Lists common misconceptions about menstruation and suggests a unit on menstrual education. Activities and guidelines are presented along with unit outline. The outline consists of six major areas: definition and purpose; history; anatomy and reproduction; physiology; protection and discomfort; and related topics. (DH)

  2. Menstruation during a lifespan: A qualitative study of women's experiences.

    Science.gov (United States)

    Brantelid, Ida Emilie; Nilvér, Helena; Alehagen, Siw

    2014-01-01

    Menstruation is a natural phenomenon for women during their reproductive years. Our aim was to describe women's experiences of menstruation across the lifespan. Qualitative interviews with a narrative approach were conducted with 12 women between 18 and 48 years of age in Sweden. Using thematic analysis, we found menstruation to be a complex phenomenon that binds women together. It is perceived as an intimate and private matter, which makes women want to conceal the occurrence of menstrual bleeding. Over time, menstruation becomes a natural part of women's lives and gender identity. Health professionals play a central role supporting women to deal with menstruation.

  3. The effect of menstruation on psychiatric hospitalization.

    Science.gov (United States)

    Weston, Jaclyn; Speroni, Karen Gabel; Ellis, Terri; Daniel, Marlon G

    2012-07-01

    This study evaluated the effect of menstruation on psychiatric hospitalization. We conducted a retrospective chart review of the medical records of 177 women who met the eligibility criteria. Data collected included demographic details, primary and secondary diagnoses, date of last menstrual period (LMP), medication adherence, psychiatric hospitalization length of stay, previous psychiatric admissions (including those related to menstruation), discharge referrals, and readmissions. The majority of women were admitted for major depression, were single, Caucasian, and had a mean age of 34. A disproportionate percentage (37%) of women had their LMP within 5 days of psychiatric hospitalization (p = 0.0006). The overall average length of stay was 4.37 days, and 48.3% had a previous psychiatric admission. Medication adherence was routinely not documented (77.4%). Psychiatric hospitalizations for women are significantly greater within 5 days of their LMP. Nursing education and improved documentation are warranted to decrease the potential for readmission. Copyright 2012, SLACK Incorporated.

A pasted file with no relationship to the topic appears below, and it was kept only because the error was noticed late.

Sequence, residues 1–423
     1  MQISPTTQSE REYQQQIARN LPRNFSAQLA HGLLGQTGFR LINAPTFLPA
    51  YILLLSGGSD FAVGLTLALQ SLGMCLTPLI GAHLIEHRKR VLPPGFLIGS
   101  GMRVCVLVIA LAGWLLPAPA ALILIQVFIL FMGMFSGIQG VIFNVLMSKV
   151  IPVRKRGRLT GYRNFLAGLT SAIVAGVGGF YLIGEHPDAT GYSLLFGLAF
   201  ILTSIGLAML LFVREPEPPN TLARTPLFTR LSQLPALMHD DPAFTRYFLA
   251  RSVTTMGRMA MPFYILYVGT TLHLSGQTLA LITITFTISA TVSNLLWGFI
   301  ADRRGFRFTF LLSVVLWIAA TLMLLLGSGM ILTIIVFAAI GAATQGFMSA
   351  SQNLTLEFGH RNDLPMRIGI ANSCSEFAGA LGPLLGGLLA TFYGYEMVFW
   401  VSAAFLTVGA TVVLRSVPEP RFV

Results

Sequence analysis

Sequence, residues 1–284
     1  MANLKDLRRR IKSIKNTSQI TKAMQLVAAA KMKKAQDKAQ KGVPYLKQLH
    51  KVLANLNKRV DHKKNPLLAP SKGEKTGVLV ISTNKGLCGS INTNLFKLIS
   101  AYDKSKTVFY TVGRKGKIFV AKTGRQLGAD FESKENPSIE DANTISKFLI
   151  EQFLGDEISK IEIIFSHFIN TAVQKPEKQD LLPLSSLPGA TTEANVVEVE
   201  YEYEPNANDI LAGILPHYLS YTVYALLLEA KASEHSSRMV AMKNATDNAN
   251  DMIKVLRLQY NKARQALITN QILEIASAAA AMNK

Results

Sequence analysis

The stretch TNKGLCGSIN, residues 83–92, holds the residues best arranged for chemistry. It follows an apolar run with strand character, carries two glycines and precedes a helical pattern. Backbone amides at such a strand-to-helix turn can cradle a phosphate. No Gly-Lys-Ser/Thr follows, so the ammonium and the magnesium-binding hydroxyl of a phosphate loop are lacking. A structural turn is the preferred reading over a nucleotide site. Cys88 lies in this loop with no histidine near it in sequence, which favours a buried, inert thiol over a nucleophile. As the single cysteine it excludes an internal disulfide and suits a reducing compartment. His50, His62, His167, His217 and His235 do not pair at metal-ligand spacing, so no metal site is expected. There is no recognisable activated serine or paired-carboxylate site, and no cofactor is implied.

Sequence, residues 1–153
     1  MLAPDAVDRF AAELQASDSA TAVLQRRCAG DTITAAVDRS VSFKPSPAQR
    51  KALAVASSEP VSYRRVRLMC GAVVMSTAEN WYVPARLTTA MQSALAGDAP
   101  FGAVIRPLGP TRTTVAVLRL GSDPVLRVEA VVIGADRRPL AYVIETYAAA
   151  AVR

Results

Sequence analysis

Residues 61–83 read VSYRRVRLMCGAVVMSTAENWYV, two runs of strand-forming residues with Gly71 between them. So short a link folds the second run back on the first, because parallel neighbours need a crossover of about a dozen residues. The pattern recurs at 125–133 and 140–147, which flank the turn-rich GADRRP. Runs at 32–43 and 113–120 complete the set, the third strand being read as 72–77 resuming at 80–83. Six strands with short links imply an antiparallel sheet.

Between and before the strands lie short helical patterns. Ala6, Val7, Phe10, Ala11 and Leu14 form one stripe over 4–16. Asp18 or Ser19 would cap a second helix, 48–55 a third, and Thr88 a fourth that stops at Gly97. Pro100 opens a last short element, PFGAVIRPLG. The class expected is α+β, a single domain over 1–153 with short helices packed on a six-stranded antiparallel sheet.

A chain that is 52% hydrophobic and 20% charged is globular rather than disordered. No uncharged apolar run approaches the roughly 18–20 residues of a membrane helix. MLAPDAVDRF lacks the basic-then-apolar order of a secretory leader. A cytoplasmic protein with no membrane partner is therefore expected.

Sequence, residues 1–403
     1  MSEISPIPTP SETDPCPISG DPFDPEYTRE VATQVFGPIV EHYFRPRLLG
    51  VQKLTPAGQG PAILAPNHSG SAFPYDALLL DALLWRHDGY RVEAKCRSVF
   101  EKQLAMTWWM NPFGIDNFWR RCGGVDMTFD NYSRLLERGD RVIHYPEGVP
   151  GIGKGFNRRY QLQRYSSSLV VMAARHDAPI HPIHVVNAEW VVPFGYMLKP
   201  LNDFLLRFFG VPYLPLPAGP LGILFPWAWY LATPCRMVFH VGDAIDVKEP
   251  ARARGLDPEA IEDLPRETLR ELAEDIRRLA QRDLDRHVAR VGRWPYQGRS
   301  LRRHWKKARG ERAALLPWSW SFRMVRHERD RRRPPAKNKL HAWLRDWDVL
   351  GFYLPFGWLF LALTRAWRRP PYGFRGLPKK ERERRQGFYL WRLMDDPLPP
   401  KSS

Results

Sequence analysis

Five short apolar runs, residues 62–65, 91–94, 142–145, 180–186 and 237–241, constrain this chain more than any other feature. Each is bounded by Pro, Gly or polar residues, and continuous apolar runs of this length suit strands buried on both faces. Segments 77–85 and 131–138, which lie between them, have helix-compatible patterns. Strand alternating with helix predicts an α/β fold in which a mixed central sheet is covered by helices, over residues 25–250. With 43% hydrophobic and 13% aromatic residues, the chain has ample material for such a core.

4. School Absenteeism during Menstruation among Rural Adolescent Girls in Pune

    OpenAIRE

    Suman Bodat, Mrunalini M Ghate, Jyoti R Majumdar

    2013-01-01

    Background: Menstrual related problems and inadequate school sanitation facilities have an adverse effect on adolescent girl?s academic performance and school attendance especially in rural setting. The following study was undertaken to determine school absenteeism during menstruation period. Objective: To assess the impact of menstruation on school attendance and factors affecting menstruation management. Methods: This cross sectional study was conducted in rural field practice area o...

  5. A Content Analysis of Educational Media about Menstruation.

    Science.gov (United States)

    Havens, Beverly; Swenson, Ingrid

    1989-01-01

    Reviewed 31 audiovisual media for content related to physical and psychological aspects of menstruation; portrayal of adolescent girls, parents, and peers; and relationship of menstruation to developmental process. In general, variations in physical and emotional responses were described as normal. In all cases, fear and embarrassment were…

  6. Migraine Management During Menstruation and Menopause.

    Science.gov (United States)

    MacGregor, E Anne

    2015-08-01

    Migraine is most prevalent in women during their reproductive years. An understanding of the effects of menstruation and menopause on migraine can enable neurologists to provide targeted and appropriate medical and hormonal strategies, enabling their patients to achieve better control of migraine and reduced disability. This article reviews the effects of hormonal events on migraine and summarizes the evidence-based options available for management. Estrogen "withdrawal" during the late luteal phase of the natural menstrual cycle and the hormone-free interval of combined hormonal contraceptives has long been implicated in the pathophysiology of menstrual migraine. However, more recent research suggests that other independent mechanisms may be relevant. Prostaglandin inhibitors used for management of dysmenorrhea are effective for associated menstrual migraine, suggesting a common pathophysiology. The interplay between serotonin and estrogen also deserves further research. Menstrual and perimenopausal migraine can be managed effectively using a variety of strategies, the choice of which depends on the efficacy of acute treatment, predictability and regularity of menstruation, use of contraception, and presence of menstrual disorders or perimenopausal vasomotor symptoms.